Russia ‘not demanding’ Turkey quit EU for Shanghai pact

Russia does not expect Turkey to halt or estrange ties with EU while the country carries out accession talks with the Shanghai Cooperation Organization (SCO), Russian ambassador said on Wednesday.

In an interview with Anadolu Agency, Andrey Karlov, Russia’s ambassador to Ankara, said: “It is all is up to Ankara. During the [SCO] membership process, we are not at all demanding from Turkey to refrain or halt its relations with the EU.”

Karlov assured Turkey of Russia’s cooperation. “Russia is ready to cooperate with Turkey in every sense, at the bilateral or international level,” he said.

The remarks come after President Recep Tayyip Erdogan earlier said Turkey was beginning to think about other blocs instead of the EU, especially the SCO.

About the upcoming meeting between Foreign Minister Mevlut Cavusoglu and his Russian counterpart Sergey Lavrov in the Mediterranean province of Antalya on Thursday, he said the meeting would carry a symbolic meaning in the new phase of bilateral relations between the two countries.

“The latest issues in Ukraine and Syria will top the agenda. This meeting will play a key role in cooperation,” Karlov added.

Prime Minister Binali Yildirim is also due to visit Russia between Dec. 5 and Dec. 6.

Turkey-Russia energy projects

Karlov said Russia wants to see Turkey as a natural gas transit hub, and to this end, it supports the TurkStream natural gas project.

The signing of the intergovernmental agreement for the TurkStream Natural Gas Pipeline Project in Istanbul, between Erdogan and Russian President Vladimir Putin on Oct. 10, has ensured that construction works can start for the project, Karlov explained.

The TurkStream project, announced by Putin during a December 2014 visit to Turkey, will carry gas from Russia under the Black Sea to Turkish Thrace. One line, with 15.75 billion cubic meters of capacity, is expected to supply the Turkish market, while a second line intends to carry gas to Europe.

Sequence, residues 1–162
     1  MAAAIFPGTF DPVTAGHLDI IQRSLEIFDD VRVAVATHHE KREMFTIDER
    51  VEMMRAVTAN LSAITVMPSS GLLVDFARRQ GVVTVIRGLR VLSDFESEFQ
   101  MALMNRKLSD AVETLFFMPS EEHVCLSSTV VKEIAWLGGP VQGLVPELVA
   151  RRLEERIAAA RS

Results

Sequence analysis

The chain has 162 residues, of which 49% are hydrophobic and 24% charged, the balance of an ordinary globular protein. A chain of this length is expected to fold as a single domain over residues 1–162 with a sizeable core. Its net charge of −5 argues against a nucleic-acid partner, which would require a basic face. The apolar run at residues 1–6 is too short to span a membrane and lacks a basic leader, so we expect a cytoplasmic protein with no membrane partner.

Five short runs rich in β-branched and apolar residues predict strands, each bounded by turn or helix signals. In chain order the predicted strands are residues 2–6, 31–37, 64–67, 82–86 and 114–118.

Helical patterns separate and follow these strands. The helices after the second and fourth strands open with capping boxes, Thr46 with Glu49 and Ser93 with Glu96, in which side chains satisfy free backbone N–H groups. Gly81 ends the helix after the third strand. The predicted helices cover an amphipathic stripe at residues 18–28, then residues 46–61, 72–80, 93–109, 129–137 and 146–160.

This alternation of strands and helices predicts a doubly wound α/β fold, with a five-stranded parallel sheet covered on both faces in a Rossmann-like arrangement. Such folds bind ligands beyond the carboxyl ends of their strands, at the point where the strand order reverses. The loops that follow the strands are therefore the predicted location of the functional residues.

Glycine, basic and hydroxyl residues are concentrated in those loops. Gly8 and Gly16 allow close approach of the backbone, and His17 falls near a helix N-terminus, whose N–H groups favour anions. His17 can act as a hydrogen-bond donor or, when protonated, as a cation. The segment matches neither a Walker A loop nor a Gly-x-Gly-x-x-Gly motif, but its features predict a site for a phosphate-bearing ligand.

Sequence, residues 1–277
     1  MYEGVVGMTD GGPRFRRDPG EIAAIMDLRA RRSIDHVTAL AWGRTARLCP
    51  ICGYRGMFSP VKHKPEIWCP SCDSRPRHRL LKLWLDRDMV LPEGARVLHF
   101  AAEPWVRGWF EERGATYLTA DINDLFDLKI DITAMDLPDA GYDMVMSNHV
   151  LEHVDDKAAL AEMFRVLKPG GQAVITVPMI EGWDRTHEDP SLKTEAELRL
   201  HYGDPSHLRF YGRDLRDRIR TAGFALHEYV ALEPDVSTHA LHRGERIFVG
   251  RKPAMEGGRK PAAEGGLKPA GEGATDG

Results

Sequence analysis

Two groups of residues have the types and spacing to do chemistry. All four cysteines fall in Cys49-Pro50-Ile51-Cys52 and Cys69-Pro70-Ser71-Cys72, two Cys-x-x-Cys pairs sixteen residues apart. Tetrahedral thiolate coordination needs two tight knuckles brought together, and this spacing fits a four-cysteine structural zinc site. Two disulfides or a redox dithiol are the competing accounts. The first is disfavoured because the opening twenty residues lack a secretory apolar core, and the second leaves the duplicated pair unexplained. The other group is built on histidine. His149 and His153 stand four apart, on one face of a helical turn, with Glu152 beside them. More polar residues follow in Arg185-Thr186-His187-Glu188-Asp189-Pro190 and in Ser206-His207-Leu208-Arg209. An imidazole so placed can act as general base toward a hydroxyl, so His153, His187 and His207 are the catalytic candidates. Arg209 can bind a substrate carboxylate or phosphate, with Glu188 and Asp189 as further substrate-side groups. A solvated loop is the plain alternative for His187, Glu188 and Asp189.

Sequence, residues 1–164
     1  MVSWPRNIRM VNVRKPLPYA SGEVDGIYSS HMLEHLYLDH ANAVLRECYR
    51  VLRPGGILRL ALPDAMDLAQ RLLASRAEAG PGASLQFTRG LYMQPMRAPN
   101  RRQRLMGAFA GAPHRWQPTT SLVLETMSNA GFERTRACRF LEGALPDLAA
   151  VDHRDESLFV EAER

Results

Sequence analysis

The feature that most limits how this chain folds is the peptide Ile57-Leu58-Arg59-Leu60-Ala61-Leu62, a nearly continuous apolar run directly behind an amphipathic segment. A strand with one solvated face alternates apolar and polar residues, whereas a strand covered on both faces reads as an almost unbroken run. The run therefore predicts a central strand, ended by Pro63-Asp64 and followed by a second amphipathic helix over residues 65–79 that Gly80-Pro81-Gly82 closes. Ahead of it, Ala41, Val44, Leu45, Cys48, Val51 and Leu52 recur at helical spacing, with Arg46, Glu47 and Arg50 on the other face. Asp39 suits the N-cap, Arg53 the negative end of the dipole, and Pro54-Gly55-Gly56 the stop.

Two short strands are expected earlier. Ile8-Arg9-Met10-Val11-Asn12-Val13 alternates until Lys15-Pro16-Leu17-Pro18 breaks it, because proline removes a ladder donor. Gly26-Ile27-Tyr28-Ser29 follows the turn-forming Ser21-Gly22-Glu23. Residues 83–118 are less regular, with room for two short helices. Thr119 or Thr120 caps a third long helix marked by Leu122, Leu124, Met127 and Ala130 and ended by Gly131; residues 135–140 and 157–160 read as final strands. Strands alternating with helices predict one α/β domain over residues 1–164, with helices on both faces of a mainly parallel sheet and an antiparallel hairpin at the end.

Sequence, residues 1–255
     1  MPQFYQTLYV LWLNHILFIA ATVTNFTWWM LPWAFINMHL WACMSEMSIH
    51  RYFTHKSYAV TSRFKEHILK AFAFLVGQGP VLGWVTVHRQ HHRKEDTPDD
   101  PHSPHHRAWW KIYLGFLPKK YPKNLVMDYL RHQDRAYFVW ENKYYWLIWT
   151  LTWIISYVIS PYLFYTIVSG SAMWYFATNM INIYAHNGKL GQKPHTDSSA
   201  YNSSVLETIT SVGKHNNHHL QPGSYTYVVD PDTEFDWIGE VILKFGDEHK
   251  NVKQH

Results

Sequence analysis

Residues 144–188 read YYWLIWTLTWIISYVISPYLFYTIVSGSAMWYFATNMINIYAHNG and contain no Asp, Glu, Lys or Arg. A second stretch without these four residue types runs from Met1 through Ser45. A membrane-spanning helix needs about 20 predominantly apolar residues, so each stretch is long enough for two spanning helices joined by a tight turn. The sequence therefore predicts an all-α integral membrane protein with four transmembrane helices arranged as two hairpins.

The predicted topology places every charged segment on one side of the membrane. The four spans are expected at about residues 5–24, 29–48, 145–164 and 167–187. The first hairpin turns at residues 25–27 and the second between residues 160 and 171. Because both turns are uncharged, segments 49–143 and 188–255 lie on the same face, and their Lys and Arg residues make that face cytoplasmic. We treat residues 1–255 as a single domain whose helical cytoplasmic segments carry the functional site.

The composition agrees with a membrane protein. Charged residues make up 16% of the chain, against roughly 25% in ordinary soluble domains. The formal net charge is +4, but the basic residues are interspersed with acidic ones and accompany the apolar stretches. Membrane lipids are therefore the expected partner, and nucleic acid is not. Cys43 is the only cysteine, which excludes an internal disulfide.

“We expect the construction of the pipeline to start next year and the first gas to arrive in 2019. In the first stage, two lines will be constructed. The first line will have the capacity to meet Turkey’s natural gas needs and the other line can transfer gas to third countries in southern Europe in accordance with the agreement, or it can be used to meet Turkey’s growing domestic demand,” he said.

He also underlined that Russia never relented from its cooperation with Turkey on the construction of the Akkuyu Nuclear Power Plant.

Relations between Russia and Turkey soured last November after the downing of Russian jet, which had violated Turkish airspace along the Syrian border. Relations began to thaw on June 29 following a letter and subsequent telephone calls between the countries’ leaders.

Noting that the necessary legislation to speed up the construction of the plant has been passed by the Turkish parliament, Karlov also said the education of 250 Turkish students in Russia in preparation for employment at the new plant is ongoing.

“The issue of workers who will be employed in the plant is also very important. Nearly 250 Turkish students are being educated in different Russian universities in the field of nuclear energy engineering,” he said.

The agreement on the Akkuyu nuclear plant was signed in 2010. The plant plans to have 4,800 megawatts of capacity in four units and is anticipated to be operational by 2023.